can hear people running across traffic, you know, coming to the van. People who recommend
it to their friends, people may not even know us, and when they learn about what we’re doing,
you know, really thank–we’re thankful that there is someone out there who’s providing
free services in order for the people to stay safer on the street. Diamond: I am–I hold the trans support groups
for the transgender girls. I’m a peer educator, we meet once a month. And we talk about just
trans issues. Gigi Thomas: What the client advocate does
is basically doing a one on one counseling. And we meet the clients wherever they’re at.
And when the clients come in, usually giving up referrals and doing a lot of–a lot of
counseling. What I try to do is think about the times that I was out there on the streets,
just some of the services that I’m saying that, I needed it, I need it, and also some
of the other girls needed it when they were out there. So I try to make sure that they
are transgender friendly and also sex worker friendly. Diamond: Like the outreach where we do HIV
testing, you know, and they have like–like the condom van that goes out on the streets
and provide the condoms for the girls. And you know we provide clothes for people that’s
out in the streets when it’s freezing, you know, we give them hot chocolate to them in
the–in the winter when it’s, you know, cold and stuff like that. So we just basically,
just there to help. You know what I’m saying, yeah, it’s like a family, you know, once you
become a part of HIPS and we’re there to help you. We’re always going to be there to help
you. We’ll never going to turn our backs on you. Cyndee Clay: HIPS is an organization, you
know, really exists because we believe that sex workers can be like the forefront of the
fight against HIV. Shawn Mallroy: We go out on foot to various
areas and pass out these safety kits. And what’s in these safety kits are, a HIPS card
an outreach card, a hotline card. We try to put two flavors which are basic flavors that
are used for oral sex. And then after which we use Magnums, we also insert two Magnum
condoms inside of it. You know, how most people out here want to think they have the biggest
ever and a book of matches which has the HIPS logo on it as well as the HIPS hotline number.
And then we insert two of our water base lubrications. And we’re ready to roll. Sergeant Brett Parson: I don’t think by giving
someone a condom you’re encouraging them to have sex. I don’t think by giving someone
a needle, you’re turning them into a heroin addict. I don’t think that by giving someone
a clean pipe and a rubber–a gasket to put around that pipe, you are somehow turning
them into a crack addict. What you’re doing is you’re reducing the risk of them somehow
contracting HIV or hepatitis, or some other communicable disease, which then spreads on
to other people because we know that people are having sex. Whether it’s legal or illegal
sex. Cyndee Clay: You know sex workers have–have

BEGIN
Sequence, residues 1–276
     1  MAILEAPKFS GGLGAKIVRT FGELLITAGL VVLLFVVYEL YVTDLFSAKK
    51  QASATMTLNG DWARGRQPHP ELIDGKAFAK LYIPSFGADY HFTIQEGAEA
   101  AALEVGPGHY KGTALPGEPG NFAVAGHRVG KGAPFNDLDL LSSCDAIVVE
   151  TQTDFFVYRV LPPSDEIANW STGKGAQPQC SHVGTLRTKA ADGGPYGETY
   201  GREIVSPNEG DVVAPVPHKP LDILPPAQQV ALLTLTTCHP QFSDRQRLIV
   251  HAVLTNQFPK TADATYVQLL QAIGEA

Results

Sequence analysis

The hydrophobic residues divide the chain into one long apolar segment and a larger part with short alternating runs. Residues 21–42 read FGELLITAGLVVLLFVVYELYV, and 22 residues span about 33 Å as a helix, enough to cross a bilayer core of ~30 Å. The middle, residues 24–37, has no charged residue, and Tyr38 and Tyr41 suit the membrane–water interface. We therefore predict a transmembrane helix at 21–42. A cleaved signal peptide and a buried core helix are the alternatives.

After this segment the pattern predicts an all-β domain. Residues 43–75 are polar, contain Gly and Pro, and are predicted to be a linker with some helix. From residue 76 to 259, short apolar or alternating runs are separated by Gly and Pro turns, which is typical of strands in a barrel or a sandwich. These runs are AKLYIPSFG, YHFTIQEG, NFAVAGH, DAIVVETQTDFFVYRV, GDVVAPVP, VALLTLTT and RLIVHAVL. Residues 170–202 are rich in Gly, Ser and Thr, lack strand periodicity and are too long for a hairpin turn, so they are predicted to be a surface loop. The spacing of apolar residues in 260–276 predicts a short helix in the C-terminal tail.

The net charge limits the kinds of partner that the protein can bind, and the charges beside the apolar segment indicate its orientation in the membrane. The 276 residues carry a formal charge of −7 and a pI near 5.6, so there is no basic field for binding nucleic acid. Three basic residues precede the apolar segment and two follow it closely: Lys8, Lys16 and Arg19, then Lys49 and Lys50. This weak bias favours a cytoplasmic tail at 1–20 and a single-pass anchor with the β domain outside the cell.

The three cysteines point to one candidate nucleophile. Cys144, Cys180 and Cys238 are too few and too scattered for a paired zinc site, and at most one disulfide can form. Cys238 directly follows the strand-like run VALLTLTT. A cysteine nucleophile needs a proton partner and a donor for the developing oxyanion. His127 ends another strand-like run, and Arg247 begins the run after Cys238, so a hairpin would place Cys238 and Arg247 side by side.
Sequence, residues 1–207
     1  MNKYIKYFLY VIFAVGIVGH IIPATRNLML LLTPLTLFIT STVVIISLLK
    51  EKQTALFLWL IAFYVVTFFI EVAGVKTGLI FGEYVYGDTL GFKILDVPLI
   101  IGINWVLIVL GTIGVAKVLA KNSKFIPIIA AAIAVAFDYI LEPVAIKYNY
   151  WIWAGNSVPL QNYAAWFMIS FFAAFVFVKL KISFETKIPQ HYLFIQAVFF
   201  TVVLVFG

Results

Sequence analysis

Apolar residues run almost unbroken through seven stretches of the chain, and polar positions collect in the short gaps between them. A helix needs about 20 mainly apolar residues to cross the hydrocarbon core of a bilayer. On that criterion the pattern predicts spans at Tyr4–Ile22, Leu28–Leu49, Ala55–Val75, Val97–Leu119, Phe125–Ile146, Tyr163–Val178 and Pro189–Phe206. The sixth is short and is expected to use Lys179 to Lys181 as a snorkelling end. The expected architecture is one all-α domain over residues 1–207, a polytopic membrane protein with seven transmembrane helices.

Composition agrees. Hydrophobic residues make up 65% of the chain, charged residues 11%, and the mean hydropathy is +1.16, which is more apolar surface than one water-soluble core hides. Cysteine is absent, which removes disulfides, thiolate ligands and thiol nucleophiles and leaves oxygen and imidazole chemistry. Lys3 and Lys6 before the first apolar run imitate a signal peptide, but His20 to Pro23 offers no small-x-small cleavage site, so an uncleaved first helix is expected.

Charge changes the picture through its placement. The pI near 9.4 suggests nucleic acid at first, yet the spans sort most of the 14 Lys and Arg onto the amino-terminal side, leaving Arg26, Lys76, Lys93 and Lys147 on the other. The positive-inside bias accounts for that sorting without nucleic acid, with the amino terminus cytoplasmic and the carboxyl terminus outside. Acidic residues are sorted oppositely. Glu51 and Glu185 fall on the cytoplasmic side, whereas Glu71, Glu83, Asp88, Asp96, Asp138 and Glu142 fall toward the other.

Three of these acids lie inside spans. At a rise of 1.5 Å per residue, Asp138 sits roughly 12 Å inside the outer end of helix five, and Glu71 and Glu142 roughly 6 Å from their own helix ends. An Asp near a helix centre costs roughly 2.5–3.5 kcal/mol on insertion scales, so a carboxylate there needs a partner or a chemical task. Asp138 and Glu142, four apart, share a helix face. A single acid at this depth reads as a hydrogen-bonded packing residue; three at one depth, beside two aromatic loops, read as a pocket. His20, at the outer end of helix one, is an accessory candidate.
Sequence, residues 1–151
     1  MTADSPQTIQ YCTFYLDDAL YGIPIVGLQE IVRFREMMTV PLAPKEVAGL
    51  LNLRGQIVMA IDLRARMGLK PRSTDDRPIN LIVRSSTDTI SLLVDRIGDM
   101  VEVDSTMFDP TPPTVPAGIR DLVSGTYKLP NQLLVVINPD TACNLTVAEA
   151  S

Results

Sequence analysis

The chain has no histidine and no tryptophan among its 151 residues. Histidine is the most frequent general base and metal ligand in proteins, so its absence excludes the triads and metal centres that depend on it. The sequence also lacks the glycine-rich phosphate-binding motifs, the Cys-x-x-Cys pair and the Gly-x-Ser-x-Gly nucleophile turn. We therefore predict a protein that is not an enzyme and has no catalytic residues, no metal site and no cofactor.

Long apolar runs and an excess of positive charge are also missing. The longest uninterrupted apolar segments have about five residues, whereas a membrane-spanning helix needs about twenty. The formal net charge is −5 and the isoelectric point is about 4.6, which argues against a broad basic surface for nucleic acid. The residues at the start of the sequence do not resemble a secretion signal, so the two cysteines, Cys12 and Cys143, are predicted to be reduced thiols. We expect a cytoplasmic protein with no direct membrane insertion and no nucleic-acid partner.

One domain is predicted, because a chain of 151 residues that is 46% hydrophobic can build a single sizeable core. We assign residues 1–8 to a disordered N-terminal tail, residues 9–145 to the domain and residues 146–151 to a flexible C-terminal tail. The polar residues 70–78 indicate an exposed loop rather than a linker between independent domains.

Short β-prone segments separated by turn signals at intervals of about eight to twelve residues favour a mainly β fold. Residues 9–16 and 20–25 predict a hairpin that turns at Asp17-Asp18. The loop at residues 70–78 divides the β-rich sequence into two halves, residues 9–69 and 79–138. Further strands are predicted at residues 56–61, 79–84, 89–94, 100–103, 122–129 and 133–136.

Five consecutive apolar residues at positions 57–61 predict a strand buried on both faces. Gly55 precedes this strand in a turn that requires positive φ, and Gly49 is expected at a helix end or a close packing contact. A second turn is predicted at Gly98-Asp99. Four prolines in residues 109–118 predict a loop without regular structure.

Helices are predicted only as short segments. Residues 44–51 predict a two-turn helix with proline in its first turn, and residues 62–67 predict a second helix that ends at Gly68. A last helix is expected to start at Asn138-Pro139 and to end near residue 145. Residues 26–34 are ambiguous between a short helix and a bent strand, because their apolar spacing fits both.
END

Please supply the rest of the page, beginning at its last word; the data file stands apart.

contact in a meaningful way with the general population and have that opportunity to educate. Diamond: I’m out on the streets talking to
the girls, I’m out on the streets telling girls, there’s the condom van, go get condoms.
You know, go get that date rate sheet, you know, it’s updated. Go look and see who’s
on there, you know, look at those hack numbers. I’m out there every like Friday and Saturday
talking to the girls. If I’m not on Eastern Avenue, I’m down on K Street. They ask me,
they’re “oh when can we call up to HIPS, you know”. They ask me questions and I like that,
because I’m going to give you answers. And I tell them, you know, whatever you need,
whatever you want, whatever you don’t understand ask me. Cyndee Clay: The sex workers deserve not to
be judge all the time. And they–they deserve places and–and venues and, you know, spaces
where they’re respected. And where they can work on issues that are really important to
them. Shawn Mallroy: Well because–because of HIPS
today my whole life has changed. No I no longer think the same way, I don’t react the same
way, I don’t’ do the same things I used to do, because as HIPS stands we’re helping individual
prostitutes to survive, I was once that. And I found out, you know, there’s another way
of living. Diamond: I want people to know that, it’s
not about what a person does, it’s basically about helping and understanding why–why certain
people are doing it. You know what I’m saying, because everybody have their own reasons why
they are in the streets. Everybody have their own reason why they’re into drugs or whatever.
But I go at least to help them. Gigi Thomas: A lot of times People are out
there saying, you know, sex worker, some people call them prostitutes, but sex workers. You
know, they see them out there as, you know, trashy people, dirty people. But you need
to realize that’s somebody, mother, brother, son, daughter, you know, sister. You know,
they’re still human beings, you know. And a lot of times they’re out there for survival. Shawn Mallroy: I’ve decided to try life and
stop being left out in the cold. Some may call me bold, I guarantee remembering my past,
this time I’ll never fold. The card game remember that? What cards are you holding, do you plan
a deal or chill, come on family I’m just keeping it real. Green Dolphin Street supplied the setting
The setting for nights beyond forgetting